From retro rock on the shore to blues greats in the park, it's all happening this month
1. Walk Off the Earth at Orpheum Theatre – Saturday, August 3
Facebook/Walk Off the EarthForgive me, but I feel more than just a little incredulous about the phenomenal success of Walk Off the Earth. Sure, I suppose it’s cool these indie pop folks from Burlington are making it big, since we should all be pleased when a Canadian band gets international recognition. But although this group does perform original material (it should be noted I can’t name even one song without having to look it up), they’re primarily known for their covers. Most media will tell you their versions of Adele, LMFAO, Taylor Swift and Maroon 5 tunes are “innovative” and “irreverent” (in all honesty, I don’t consider any of those entertainers to fall into either category, so I’m clearly not the right person to ask here), but it’s their take on Gotye’s “Somebody That I Used to Know” that made everybody absolutely freak out. Really? Yeah, the video with all of them simultaneously playing one guitar was clever, but that particular ditty wasn’t necessarily all that interesting to begin with. Regardless of my perplexed opinion, this quartet is carrying on strong after the untimely passing of multi-instrumentalist Mike “Beard Guy” Taylor at the youthful age of 51 this past December, so I’ll concede there’s at least there’s one excellent reason to celebrate in tribute to their beloved colleague.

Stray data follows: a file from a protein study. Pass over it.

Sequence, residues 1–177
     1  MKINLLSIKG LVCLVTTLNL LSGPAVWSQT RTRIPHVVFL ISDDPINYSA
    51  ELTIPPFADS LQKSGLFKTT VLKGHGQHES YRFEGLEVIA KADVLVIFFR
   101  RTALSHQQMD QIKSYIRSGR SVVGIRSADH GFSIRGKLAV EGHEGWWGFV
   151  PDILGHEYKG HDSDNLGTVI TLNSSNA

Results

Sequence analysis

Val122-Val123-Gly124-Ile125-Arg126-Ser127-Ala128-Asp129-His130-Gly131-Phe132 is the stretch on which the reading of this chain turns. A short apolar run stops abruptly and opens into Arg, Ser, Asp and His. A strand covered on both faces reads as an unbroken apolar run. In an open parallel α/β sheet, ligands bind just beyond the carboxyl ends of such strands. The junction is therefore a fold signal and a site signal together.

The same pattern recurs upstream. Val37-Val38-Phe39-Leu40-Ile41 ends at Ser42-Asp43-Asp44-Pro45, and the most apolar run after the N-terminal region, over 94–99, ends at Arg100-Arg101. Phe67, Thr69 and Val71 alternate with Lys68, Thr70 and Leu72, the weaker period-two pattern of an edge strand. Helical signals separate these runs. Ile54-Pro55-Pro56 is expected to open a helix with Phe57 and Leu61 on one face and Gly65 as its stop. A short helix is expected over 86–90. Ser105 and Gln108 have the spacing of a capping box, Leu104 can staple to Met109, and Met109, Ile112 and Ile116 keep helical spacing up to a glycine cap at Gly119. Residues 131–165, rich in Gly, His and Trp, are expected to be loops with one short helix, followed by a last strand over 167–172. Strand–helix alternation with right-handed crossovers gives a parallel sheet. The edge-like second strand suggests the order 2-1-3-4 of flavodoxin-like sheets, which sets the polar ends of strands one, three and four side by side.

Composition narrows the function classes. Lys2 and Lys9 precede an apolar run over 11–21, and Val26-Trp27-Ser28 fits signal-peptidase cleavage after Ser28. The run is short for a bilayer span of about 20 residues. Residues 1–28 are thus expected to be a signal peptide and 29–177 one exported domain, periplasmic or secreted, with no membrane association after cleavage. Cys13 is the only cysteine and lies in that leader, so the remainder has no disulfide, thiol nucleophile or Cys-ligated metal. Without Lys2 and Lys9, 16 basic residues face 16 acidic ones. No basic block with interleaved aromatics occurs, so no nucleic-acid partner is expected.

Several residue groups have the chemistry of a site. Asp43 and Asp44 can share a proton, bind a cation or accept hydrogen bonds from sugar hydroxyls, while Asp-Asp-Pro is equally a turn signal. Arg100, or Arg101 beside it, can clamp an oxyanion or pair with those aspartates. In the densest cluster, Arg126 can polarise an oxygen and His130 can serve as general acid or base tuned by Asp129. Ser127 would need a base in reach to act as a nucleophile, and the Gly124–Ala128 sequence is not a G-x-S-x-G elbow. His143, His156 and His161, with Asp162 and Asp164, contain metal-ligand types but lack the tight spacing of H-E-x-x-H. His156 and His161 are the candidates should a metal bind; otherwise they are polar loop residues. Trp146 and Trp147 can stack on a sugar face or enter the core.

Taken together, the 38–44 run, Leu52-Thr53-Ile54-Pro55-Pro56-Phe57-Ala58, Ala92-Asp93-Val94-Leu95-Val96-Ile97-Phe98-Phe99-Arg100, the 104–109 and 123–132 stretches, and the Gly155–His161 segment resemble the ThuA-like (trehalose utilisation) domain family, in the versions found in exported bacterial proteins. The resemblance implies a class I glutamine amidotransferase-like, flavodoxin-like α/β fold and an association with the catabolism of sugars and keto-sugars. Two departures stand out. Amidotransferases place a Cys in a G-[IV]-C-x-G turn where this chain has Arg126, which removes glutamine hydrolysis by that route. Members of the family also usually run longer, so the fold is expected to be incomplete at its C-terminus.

Tickets from $54
2. Rob Zombie & Marilyn Manson at Rogers Arena – Sunday, August 4